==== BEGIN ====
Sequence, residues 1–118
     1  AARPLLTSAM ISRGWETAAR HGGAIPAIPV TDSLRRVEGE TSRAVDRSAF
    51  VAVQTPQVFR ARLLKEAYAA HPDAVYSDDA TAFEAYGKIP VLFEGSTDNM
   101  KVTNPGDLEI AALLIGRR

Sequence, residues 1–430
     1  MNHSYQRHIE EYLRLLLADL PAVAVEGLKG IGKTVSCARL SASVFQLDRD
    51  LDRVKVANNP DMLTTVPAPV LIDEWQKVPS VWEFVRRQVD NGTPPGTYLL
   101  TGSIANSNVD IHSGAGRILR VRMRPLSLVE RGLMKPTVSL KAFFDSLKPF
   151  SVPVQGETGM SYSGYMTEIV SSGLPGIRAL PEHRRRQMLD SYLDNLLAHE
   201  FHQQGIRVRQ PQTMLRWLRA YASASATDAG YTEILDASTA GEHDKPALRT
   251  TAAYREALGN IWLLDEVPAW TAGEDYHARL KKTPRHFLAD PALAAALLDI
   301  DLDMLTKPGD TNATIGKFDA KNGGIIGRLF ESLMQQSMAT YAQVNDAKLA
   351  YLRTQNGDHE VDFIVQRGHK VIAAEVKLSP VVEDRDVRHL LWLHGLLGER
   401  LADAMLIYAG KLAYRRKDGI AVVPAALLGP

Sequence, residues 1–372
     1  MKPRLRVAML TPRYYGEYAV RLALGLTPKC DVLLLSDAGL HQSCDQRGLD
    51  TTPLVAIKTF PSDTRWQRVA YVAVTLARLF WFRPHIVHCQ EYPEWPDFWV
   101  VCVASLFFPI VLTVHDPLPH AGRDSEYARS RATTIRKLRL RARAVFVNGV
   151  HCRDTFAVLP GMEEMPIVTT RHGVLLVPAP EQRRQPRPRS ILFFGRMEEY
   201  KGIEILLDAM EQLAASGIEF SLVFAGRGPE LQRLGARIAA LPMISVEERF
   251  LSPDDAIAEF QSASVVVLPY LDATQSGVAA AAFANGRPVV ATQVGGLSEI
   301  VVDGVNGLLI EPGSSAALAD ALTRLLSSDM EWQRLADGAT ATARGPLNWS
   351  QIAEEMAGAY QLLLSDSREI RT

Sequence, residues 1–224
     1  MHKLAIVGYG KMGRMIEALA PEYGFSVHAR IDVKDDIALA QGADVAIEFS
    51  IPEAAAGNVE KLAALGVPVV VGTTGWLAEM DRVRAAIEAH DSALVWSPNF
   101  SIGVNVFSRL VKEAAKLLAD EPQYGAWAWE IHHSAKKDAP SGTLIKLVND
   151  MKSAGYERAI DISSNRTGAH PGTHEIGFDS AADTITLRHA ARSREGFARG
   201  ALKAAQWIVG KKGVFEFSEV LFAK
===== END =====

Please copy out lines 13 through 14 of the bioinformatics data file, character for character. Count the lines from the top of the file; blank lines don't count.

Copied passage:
   351  YLRTQNGDHE VDFIVQRGHK VIAAEVKLSP VVEDRDVRHL LWLHGLLGER
   401  LADAMLIYAG KLAYRRKDGI AVVPAALLGP